There are three chief components of blood:

  • Red blood cells
  • White blood cells
  • Plasma

Red blood cells carry oxygen to distant parts of the body and they also remove carbon dioxide. And by volume, the red blood cells constitute about 45% of whole blood. White blood cells are the immune cells, fighting off infections etc. And they – this may surprise you – make up only 0.7% of whole blood.

That might sound like a tiny fraction, but understand that within a single drop of blood (50 ul) there are approximately 5 million red blood cells, and 5,000 to 25,000 white blood cells.

Apologies to the squeamish. Source: Science

And in total the human body contains about 4.5 litres (or 1.2 gallons) of blood. That’s a whole lot of drops. Plenty of white blood cells to help keep us healthy.

And what about plasma?

Plasma is the stuff that all of the red and white blood cells sit in. It has a yellowish tinge to it, and it makes up the other 54.3% of whole blood.

It contains 92% water and 8% ‘other stuff’.

Apologies for the very technical term (‘other stuff’), but there is a great deal of interesting stuff in that ‘other stuff’.

What do you mean ‘interesting’?

Continue reading “The Stanford Parkinson’s Disease Plasma Study”

Ptbp1: “One and done”(?)

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Recently a lot of media attention has been focused on a new study that reported the replacement of lost dopamine neurons in a mouse model of Parkinson’s, which resulted in the correction the associated behavioural/motor issues.

The researchers involved achieved this amazing feat by simply reducing a single protein in a special type of helper cell in the brain, called astrocytes. By lowering the levels of the protein, they were able to transform the astrocytes into dopamine neurons.

Intriguingly, the study represented independent replication of a previous study that demonstrated a similar result – transformation of astrocytes inside a mouse brain into dopamine neurons by reducing a single protein.

The protein in both studies is called Ptbp1, and in today’s post we will discuss what this protein does, what the new study found, and what the implications of this work could be.

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Source: Howtogeek

Earlier this year, I stated in my 2020 wish list for Parkinson’s research (Click here to read that post) that one of the big themes I was hoping to see more of was further research on regenerative approaches for the condition.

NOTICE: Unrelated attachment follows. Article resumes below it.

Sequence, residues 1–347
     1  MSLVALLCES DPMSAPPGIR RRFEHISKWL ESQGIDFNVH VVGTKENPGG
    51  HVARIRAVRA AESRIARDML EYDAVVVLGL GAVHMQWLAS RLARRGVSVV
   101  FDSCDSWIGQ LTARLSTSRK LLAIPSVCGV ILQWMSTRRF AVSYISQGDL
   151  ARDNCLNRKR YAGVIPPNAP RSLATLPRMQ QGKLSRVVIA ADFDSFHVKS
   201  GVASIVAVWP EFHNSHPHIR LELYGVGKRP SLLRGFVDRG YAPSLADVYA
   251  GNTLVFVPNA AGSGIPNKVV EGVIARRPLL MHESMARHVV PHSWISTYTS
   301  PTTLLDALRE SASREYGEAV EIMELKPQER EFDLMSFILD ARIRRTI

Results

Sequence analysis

We have discussed this a few times, but any “curative” treatment for Parkinson’s will require 3 components:

  1. A disease halting mechanism – to slow/stop the progression of the disease
  2. A neuroprotective agent – to protect the remaining cells & provide a nurturing environment for,
  3. Some form of restorative/regenerative therapy – replacing what has been lost

Now the encouraging news is that if you look at the SoPD “The Road Ahead: 2020” post, you will see that there is a great deal of research being conducted on all three of these components at the clinical stage (in addition to vast amounts of work on the preclinical level).

But it is fair to say that the bulk of the clinical research being conducted on restorative therapy for Parkinson’s is centred around the transplantation of stem cell-derived dopamine neurons to replace the cells that have been lost in Parkinson’s (click here to read a recent SoPD post on this topic).

Embryonic stem cells in a petridish. Source: Wikipedia

In my wish list for 2020, I was hoping to see regenerative approaches beyond the well trodden path of cell transplantation (growing cells in culture and then injecting them into the brain).

Dopamine neurons (green) in cell culture. Source: Axolbio

Rather, I was hoping to see more research on new regenerative approaches that target/manipulate endogenous pathways in the brain – forcing changes within the central nervous system itself.

I didn’t have high expectations in this department, but I have to admit that now I have been pleasantly surprised by the number of research reports that have been published thus far this year highlighting novel regenerative approaches. We have discussed several of them here on the SoPD already (Click here and here for examples), and today we are going to review another which was recently published in the prestigious scientific journal Nature.

This is what all the news papers have been talking about?

Indeed. There has been a lot of media attention focused on this research report.

So what does the new study report?

Continue reading “Ptbp1: “One and done”(?)”